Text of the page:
Privacy and Body Temperature Taking During COVID-19

  • May 03, 2021
  • Abby Benattar and Wendes Keung

As the pandemic persists, a health practitioner’s office must maintain measures that protect its community’s safety in the most contactless way possible. Biometric kiosks are one way to achieve this objective. Biometric kiosks instantly read a patient’s body temperature as they enter a waiting room, typically without requesting consent. A reading above normal body temperature (above 38°C or 100.4°F in adults) qualifies as a fever—one of the most suggestive symptoms of COVID-19. An above normal temperature reading assists the health information custodian (“HIC”) in determining whether the patient requires a secondary COVID-19 assessment. This current practice carries a host of privacy concerns regarding the expectation of privacy.

Body Temperature as Personal Health Information (“PHI”)

In Ontario, the Personal Health Information Protection Act, 2004 (“PHIPA”) governs PHI such as body temperature.[1] Privacy legislation does not address biometric technologies, which raises an issue pertaining to one of the most important elements of healthcare: consent.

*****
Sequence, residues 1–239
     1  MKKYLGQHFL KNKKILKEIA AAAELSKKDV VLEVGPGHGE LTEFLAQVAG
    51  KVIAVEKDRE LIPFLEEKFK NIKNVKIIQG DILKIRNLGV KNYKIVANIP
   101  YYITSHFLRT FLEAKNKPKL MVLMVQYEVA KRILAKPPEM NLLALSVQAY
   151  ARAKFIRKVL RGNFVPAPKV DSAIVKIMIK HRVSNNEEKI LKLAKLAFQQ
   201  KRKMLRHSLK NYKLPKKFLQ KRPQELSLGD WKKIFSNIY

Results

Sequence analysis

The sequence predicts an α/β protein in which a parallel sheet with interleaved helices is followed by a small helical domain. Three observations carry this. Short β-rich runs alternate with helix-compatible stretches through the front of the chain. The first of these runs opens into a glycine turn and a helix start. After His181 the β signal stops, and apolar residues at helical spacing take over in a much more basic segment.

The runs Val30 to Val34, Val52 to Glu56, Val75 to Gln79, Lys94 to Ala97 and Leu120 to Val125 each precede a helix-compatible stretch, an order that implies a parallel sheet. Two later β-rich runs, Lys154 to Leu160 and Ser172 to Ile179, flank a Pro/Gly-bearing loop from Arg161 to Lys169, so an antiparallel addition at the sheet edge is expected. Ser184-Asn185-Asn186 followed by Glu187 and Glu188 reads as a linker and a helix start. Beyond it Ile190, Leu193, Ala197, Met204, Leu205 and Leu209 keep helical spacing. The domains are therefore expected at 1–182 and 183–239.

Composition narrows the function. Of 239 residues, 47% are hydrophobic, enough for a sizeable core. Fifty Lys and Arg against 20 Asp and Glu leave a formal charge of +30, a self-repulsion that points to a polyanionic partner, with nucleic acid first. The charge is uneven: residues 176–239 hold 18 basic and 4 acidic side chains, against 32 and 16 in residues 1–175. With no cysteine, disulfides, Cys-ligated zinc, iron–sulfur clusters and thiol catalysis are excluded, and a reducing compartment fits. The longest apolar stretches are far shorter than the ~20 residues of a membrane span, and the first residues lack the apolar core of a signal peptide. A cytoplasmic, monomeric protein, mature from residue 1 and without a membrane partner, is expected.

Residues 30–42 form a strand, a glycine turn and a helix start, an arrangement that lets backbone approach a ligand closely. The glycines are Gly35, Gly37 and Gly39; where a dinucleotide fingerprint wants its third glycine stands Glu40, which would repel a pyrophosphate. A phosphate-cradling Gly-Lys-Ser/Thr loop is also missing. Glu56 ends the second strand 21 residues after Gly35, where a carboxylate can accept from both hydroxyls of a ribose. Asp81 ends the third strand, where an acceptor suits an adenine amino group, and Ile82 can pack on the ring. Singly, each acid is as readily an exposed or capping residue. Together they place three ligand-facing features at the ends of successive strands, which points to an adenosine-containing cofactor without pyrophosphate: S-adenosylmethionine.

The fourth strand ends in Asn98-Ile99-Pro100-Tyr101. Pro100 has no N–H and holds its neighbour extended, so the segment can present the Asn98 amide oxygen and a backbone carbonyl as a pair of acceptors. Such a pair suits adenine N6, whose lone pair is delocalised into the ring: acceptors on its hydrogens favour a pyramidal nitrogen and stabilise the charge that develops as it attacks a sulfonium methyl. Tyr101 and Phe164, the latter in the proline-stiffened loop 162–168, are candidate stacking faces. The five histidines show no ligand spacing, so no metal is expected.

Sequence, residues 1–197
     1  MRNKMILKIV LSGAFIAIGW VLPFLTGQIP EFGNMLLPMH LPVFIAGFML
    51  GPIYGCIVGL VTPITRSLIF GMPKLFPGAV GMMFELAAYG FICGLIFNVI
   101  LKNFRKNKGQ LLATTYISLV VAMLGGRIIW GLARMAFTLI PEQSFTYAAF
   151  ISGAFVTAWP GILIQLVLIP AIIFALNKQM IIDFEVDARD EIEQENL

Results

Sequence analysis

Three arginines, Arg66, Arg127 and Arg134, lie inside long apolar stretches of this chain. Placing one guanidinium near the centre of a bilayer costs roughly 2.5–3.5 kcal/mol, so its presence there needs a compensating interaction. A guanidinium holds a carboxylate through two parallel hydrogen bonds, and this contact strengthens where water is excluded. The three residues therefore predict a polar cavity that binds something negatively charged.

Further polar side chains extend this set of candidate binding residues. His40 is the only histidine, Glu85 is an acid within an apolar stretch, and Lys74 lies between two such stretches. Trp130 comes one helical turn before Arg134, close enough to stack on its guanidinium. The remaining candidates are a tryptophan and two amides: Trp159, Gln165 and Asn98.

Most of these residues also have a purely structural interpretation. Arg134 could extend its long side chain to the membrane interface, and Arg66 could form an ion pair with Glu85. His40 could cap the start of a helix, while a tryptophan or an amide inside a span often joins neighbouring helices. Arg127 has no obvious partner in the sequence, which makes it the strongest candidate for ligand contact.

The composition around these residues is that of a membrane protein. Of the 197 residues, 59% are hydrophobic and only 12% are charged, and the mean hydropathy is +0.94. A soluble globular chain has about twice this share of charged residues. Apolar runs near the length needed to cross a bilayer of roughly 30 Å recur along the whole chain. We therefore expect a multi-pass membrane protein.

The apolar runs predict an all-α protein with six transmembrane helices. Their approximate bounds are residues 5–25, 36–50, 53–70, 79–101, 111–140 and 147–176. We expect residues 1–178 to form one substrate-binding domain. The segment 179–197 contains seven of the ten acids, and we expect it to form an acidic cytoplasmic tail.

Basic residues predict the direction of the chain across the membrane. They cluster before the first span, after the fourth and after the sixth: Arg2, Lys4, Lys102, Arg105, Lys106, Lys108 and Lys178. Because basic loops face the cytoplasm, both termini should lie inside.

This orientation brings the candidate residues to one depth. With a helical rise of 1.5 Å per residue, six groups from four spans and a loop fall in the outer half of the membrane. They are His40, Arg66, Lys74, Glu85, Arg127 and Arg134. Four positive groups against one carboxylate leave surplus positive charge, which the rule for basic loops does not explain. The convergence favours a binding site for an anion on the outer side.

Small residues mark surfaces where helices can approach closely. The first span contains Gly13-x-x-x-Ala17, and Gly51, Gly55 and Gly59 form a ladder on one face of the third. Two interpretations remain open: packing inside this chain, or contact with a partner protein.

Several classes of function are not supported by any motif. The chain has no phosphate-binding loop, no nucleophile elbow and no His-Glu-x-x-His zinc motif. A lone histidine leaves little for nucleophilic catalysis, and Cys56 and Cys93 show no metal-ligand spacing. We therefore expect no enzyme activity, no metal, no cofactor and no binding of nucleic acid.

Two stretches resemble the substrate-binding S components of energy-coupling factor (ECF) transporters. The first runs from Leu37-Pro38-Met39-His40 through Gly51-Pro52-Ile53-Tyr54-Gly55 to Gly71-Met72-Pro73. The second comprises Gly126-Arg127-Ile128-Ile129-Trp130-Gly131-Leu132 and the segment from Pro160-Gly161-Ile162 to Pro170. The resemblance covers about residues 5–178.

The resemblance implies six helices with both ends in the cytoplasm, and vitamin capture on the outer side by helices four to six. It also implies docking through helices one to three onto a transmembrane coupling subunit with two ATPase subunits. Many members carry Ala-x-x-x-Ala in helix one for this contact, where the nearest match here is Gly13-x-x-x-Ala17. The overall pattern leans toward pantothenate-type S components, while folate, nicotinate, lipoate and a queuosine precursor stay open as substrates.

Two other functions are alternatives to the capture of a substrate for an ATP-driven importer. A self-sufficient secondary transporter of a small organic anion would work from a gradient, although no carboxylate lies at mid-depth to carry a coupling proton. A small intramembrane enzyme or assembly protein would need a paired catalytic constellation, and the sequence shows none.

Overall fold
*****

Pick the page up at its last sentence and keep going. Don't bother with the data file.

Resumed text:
The requirement to obtain consent, either express or implied, is subject to very narrow exceptions.[2] In a non-pandemic world, the collection, use and disclosure of body temperature through biometric kiosks would require consent. However, PHIPA is silent on its interpretation during a public health emergency. As a result, HICs can likely defer to the federal privacy equivalent, the Personal Information Protection and Electronic Documents Act (“PIPEDA”), to fill the gaps on the question of consent.[3]

Based on a reading of PHIPA and PIPEDA together, it appears that a HIC does not require consent to collect, use and disclose a patient’s body temperature through a biometric kiosk during a public health emergency. In March 2020, the Office of the Privacy Commissioner of Canada (“OPC”) released a notice stating that public health situations may constitute an emergency.[4] Under PIPEDA, organizations do not need to obtain an individual’s consent when acting in respect of an emergency that threatens life or health.[5] The OPC’s notice goes further to declare that “[d]uring a public health crisis, privacy laws still apply, but they are not a barrier to appropriate information sharing.”[6] The federal legislation and notice guidelines may help legitimize and permit the simultaneous collection, use and disclosure of body temperature through a biometric kiosk.